You should provide a StatsigUser object whenever possible when initializing the SDK, passing as much information as possible in order to take advantage of advanced gate and config conditions (like country or OS/browser level checks). Most of the time, the userID field is needed in order to provide a consistent experience for a given user (see logged-out experiments to understand how to correctly run experiments for logged-out users). If the user is logged out at the SDK init time, you can leave the userID out for now, and we will use a stable device ID that we create and store in the local storage for targeting purposes.

Besides userID, we also have email, ip, userAgent, country, locale and appVersion as top-level fields on StatsigUser. In addition, you can pass any key-value pairs in an object/dictionary to the custom field and be able to create targeting based on them.

Once the user logs in or has an update/changed, make sure to call updateUser with the updated userID and/or any other updated user attributes:

await Statsig.updateUser(StatsigUser("a_new_user"));

Have sensitive user PII data that should not be logged?

No problem, we have a solution for it! On the StatsigUser object we also have a field called privateAttributes, which is a simple object/dictionary that you can use to set private user attributes. Any attribute set in privateAttributes will only be used for evaluation/targeting, and removed from any logs before they are sent to Statsig server.

For example, if you have feature gates that should only pass for users with emails ending in "@statsig.com", but do not want to log your users' email addresses to Statsig, you can simply add the key-value pair { email: "my_user@statsig.com" } to privateAttributes on the user and that's it!

Statsig Options

Statsig.start() takes an optional parameter options in addition to sdkKey and user that you can provide to customize the Statsig client. Here are the current options and we are always adding more to the list:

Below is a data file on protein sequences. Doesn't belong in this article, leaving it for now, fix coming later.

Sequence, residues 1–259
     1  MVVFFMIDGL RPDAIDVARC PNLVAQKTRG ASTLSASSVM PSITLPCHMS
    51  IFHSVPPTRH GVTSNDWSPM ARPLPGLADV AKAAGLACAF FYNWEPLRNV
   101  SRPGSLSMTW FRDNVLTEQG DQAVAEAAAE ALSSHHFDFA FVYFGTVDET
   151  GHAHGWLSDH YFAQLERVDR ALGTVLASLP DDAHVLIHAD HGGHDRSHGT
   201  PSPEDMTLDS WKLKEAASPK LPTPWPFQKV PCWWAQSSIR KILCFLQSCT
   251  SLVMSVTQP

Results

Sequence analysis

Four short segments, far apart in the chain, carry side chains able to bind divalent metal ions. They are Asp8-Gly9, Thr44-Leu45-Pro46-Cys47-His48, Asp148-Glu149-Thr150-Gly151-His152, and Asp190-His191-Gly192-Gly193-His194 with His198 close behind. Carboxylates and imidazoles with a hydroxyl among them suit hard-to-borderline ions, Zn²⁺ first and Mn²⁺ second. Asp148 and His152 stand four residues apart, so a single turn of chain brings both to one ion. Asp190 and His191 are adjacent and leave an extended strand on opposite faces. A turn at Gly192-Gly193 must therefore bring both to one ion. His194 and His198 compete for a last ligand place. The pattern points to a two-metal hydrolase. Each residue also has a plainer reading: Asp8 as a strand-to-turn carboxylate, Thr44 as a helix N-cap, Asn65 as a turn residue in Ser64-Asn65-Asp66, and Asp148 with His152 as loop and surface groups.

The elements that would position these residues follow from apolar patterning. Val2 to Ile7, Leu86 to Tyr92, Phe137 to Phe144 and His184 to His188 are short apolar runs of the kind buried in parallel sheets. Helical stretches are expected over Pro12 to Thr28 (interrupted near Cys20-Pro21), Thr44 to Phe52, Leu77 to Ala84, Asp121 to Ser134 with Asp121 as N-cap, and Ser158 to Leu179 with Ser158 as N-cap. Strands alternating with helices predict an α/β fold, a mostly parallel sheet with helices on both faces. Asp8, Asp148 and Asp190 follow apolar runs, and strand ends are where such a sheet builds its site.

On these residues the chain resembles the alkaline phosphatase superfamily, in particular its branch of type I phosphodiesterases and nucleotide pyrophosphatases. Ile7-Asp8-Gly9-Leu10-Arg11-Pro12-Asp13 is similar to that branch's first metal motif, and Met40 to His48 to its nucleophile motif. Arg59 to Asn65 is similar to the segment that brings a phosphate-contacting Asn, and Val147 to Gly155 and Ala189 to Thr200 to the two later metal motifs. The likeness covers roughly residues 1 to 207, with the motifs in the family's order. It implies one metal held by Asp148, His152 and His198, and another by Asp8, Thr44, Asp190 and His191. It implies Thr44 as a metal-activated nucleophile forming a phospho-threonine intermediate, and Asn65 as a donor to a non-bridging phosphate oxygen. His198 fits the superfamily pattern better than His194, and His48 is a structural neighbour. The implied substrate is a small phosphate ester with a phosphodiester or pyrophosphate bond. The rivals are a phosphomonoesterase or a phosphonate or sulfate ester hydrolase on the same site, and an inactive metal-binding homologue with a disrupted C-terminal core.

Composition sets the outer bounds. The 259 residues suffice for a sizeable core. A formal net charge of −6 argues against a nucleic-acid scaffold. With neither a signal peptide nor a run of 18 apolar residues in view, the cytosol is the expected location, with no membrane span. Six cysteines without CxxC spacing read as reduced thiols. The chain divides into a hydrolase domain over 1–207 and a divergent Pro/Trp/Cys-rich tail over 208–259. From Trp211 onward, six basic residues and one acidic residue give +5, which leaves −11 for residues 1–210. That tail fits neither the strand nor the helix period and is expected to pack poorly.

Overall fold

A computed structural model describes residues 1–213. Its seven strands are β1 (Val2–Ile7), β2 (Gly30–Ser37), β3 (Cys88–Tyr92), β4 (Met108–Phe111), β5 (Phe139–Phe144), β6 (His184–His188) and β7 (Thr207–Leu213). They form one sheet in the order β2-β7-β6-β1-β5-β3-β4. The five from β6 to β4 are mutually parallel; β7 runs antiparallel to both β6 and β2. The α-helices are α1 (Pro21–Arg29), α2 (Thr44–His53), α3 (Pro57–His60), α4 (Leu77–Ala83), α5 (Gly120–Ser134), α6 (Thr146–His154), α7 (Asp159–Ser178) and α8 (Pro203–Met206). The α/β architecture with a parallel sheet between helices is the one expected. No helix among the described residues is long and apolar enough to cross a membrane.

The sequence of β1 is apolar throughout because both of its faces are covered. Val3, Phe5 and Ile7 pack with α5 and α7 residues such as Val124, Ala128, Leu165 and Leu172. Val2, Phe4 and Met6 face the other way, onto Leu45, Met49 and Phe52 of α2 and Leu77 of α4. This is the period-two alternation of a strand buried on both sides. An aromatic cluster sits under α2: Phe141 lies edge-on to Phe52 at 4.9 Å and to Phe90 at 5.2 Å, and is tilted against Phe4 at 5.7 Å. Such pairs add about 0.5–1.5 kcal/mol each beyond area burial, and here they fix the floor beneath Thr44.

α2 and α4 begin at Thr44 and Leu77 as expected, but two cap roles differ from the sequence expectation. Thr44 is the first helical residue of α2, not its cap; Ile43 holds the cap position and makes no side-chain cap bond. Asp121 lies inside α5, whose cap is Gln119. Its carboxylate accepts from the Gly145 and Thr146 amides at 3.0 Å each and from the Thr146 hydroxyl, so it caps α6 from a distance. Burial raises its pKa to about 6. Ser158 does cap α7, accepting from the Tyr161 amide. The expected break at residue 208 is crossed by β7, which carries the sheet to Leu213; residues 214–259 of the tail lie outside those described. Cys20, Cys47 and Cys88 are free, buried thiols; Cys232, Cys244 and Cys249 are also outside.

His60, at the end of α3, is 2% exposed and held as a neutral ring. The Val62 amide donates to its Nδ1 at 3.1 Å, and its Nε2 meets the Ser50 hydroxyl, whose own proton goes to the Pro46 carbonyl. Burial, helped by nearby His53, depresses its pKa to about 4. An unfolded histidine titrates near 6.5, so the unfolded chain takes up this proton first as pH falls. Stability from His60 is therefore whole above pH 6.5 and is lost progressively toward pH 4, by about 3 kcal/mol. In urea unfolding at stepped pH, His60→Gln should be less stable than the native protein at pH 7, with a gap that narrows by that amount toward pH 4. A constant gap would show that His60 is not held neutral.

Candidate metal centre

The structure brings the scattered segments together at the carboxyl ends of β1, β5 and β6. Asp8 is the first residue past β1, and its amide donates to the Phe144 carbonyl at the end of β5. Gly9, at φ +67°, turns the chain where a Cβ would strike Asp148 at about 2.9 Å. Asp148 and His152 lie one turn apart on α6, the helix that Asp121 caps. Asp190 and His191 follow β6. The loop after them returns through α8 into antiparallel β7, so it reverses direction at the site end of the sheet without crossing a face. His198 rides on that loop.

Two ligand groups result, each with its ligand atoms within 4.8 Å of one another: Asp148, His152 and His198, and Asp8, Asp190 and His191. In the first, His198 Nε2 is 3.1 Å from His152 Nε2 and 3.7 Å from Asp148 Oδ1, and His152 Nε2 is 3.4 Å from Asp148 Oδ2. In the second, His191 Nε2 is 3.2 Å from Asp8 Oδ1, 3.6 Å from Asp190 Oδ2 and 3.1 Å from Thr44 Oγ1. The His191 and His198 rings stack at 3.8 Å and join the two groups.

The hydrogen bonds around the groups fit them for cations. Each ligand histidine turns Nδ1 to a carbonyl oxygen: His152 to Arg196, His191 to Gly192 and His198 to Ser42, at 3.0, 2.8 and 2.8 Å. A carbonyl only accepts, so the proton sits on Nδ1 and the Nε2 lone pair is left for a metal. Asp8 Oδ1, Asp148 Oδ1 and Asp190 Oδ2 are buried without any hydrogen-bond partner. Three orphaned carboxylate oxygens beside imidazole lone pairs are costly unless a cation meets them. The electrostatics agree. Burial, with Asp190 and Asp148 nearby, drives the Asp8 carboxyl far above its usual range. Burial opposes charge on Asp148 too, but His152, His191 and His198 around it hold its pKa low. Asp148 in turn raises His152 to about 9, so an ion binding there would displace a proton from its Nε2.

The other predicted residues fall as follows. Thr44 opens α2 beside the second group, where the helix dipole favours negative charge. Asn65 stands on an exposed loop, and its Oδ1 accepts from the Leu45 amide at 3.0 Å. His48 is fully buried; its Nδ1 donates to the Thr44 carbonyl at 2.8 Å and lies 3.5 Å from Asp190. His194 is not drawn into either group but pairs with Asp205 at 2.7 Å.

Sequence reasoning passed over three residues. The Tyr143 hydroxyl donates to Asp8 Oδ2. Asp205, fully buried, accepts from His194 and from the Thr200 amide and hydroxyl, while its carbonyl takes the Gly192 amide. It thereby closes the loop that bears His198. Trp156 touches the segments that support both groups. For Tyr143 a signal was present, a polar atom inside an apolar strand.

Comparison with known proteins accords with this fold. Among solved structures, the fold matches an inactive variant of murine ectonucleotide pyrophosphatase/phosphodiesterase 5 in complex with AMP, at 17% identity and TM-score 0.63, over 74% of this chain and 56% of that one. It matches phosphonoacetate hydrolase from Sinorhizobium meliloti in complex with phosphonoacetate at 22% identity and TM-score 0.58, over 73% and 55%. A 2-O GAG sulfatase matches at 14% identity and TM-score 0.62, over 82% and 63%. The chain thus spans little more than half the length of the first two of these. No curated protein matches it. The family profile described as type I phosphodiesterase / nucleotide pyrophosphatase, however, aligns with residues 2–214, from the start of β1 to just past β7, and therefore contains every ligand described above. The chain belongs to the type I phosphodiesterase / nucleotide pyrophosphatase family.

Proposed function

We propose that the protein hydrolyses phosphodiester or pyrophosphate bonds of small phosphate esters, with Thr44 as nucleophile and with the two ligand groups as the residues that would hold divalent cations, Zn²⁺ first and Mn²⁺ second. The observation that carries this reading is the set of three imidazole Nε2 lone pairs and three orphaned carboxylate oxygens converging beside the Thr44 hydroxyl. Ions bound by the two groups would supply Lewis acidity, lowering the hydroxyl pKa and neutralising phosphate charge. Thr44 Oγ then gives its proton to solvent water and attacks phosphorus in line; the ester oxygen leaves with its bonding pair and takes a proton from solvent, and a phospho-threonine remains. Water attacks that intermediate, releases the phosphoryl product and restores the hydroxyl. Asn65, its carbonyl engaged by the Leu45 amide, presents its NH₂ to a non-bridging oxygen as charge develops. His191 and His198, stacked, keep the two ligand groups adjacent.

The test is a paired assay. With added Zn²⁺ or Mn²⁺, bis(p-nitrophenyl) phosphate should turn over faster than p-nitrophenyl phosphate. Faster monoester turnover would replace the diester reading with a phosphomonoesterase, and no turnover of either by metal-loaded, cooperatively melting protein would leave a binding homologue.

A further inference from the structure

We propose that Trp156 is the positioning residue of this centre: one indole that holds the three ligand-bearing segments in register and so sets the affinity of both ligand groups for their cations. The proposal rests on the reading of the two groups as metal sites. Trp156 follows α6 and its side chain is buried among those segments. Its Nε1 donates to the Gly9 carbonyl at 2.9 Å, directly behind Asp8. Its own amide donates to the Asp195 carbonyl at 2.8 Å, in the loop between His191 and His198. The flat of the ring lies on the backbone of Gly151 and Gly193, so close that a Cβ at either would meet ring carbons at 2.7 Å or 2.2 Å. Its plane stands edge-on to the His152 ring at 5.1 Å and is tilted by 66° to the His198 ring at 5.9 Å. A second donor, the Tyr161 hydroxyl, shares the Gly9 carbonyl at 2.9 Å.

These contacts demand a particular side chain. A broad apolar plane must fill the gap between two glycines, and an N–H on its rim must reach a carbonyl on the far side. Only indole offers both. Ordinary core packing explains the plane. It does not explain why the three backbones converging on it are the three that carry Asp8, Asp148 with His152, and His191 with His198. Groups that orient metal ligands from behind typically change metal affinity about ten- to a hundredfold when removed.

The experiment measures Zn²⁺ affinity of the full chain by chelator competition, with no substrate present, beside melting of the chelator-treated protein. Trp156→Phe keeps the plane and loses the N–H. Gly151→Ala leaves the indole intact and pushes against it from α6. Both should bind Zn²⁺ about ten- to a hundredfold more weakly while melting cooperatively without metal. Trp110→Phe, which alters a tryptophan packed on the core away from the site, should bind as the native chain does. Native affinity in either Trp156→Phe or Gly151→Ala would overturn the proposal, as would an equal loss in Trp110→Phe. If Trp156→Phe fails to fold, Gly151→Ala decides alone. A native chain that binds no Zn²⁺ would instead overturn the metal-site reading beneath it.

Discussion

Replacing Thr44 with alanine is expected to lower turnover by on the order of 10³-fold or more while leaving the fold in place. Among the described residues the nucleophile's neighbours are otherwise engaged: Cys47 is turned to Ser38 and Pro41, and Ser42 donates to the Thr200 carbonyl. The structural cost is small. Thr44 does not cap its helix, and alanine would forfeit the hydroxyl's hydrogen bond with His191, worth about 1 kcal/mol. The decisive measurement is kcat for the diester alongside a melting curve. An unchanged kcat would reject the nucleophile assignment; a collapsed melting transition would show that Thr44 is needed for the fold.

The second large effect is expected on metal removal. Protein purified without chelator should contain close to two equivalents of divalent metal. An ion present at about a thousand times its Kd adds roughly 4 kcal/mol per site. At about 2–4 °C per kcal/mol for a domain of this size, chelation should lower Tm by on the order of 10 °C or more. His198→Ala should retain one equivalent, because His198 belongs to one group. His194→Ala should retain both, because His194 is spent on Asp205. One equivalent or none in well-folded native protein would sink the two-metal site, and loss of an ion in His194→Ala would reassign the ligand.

• initTimeout: int, default 3
    • used to decide how long (in seconds) the Statsig client waits for the initial network request to respond before calling the completion block. The Statsig client will return either cached values (if any) or default values if checkGate/getConfig/getExperiment is called before the initial network request completes.
    • If you always want to wait for the latest values fetched from Statsig server, you should set this to 0 so we do not timeout the network request.
  • api: string, default https://statsigapi.net/v1/
    • The endpoint to use for all SDK network requests. You should not override this (unless you have another API that implements the Statsig API endpoints)
  • environment: string ("development", "staging", "production" map to specific rules in the Statsig console UI)
    • The environment tier to evaluate rules for the current user. Default empty, which is the same as "production." On non-production tiers, events will not make it in to downstream pulse results

Shutting down Statsig

In order to save users' data and battery usage, as well as prevent logged events from being dropped, we keep event logs in client cache and flush periodically. Because of this, some events may not have been sent when your app shuts down. To make sure all logged events are properly flushed or saved locally, you should tell Statsig to shutdown when your app is closing:

await Statsig.shutdown();

FAQ

How do I run experiments for logged out users?

See the guide on device level experiments

Is the SDK thread safe (for multi-threaded languages)?

Even though we try to make the SDK thread safe whenever we can, we make no guarantees that is always the case. Therefore, please make sure to always call Statsig APIs from the same thread.

Flutter Lifecycle Hooks

Due to the nature of mobile development, apps can be closed by the operating system when they are no longer in the foreground. To be sure that all events are logged before an app is closed by the operating system, we recommend adding Statsig to the app lifecycle events. This way we can flush all pending events when an app state change is detected.

Something like the following:

// An example App Lifecycle Observer
class StatsigLifecycleObserver extends WidgetsBindingObserver {
@override
void didChangeAppLifecycleState(AppLifecycleState state) async {
switch (state) {
case AppLifecycleState.resumed:
await Statsig.initialize('client-sdk-key');
break;
case AppLifecycleState.paused:
await Statsig.shutdown();
break;
}
}
}

Then in your app code, add this observer to the WidgetsBinding instance.

@override
void initState() {
super.initState();
WidgetsBinding.instance.addObserver(StatsigLifecycleObserver());
}